How do young stars blow away their planet-forming disks?


Fr. 8. Juli 2016

Observations show that most young stars are surrounded by accretion disks, the sites in which planets form. Accretion disks evolve very rapidly to finally disappear in a few million years. There are different mechanisms that explain disk dispersal, in this talk I will focus in one of them: the evaporation of the disk by its central star, also known as photoevaporation. This process is driven by the extreme ultraviolet and X-ray emission from the young star, it is currently highly debated which of them is more important. The theory predicting disk photoevaporation was formulated more than a decade ago, but only recently we have obtained observational evidence to confirm it thanks to the Spitzer Space Telescope and to the Very Large Telescope in Chile. I will discuss the impact of disk photoevaporation in the final stages of star formation and in the planet formation process.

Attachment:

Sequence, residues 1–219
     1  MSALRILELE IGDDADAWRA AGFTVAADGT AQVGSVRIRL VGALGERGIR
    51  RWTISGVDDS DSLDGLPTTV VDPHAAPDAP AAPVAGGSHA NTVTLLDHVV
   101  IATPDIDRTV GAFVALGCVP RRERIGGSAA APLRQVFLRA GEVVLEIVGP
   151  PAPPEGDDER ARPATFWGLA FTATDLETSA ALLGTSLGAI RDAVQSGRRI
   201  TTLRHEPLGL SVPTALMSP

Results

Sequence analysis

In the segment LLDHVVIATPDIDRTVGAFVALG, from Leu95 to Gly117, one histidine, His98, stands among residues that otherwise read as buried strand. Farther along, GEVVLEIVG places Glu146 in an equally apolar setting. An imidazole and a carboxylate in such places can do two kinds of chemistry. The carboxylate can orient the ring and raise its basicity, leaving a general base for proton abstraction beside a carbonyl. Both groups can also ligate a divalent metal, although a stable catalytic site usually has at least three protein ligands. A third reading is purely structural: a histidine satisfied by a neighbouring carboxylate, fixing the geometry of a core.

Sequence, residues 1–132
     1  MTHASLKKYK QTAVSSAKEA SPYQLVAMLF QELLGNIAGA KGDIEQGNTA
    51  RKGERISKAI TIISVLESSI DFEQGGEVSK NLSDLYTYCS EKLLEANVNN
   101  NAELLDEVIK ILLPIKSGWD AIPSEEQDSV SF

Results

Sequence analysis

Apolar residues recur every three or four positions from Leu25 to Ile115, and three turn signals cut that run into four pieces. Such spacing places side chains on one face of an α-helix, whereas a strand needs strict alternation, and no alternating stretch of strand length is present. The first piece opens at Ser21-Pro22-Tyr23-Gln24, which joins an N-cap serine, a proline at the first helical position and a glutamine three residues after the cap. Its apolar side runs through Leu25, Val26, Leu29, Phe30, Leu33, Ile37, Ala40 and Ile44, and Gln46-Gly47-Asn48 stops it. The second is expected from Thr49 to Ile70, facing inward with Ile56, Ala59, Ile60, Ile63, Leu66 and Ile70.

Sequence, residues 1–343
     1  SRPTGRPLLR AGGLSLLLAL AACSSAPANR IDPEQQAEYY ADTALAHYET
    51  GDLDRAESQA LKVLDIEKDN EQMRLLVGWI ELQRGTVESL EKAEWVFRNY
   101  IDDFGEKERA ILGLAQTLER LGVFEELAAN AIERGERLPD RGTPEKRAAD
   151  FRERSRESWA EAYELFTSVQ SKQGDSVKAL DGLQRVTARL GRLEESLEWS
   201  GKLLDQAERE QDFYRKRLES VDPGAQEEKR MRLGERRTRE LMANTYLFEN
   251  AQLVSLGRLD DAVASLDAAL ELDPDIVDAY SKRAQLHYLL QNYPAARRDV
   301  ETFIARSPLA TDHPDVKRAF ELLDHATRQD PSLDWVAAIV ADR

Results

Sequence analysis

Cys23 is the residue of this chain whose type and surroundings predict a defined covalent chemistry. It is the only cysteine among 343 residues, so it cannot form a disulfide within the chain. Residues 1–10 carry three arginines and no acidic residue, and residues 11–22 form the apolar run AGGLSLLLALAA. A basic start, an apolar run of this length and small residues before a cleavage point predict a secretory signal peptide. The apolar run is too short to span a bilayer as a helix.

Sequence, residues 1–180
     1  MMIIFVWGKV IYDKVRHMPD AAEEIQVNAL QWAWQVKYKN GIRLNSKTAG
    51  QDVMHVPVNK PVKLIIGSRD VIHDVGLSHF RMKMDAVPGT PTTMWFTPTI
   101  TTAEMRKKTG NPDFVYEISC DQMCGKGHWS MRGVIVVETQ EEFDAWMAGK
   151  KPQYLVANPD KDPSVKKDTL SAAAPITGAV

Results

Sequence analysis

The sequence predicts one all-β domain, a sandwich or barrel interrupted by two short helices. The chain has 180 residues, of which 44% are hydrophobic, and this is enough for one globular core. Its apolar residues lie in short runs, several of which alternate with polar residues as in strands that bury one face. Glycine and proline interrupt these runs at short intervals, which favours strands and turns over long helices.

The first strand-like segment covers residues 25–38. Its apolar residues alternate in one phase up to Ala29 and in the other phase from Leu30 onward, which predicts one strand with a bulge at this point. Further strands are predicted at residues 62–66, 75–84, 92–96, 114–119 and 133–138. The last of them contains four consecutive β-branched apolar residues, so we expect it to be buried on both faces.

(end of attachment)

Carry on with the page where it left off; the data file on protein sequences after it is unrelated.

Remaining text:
Sprache: Englisch | Language: English

Credits: NASA/JPL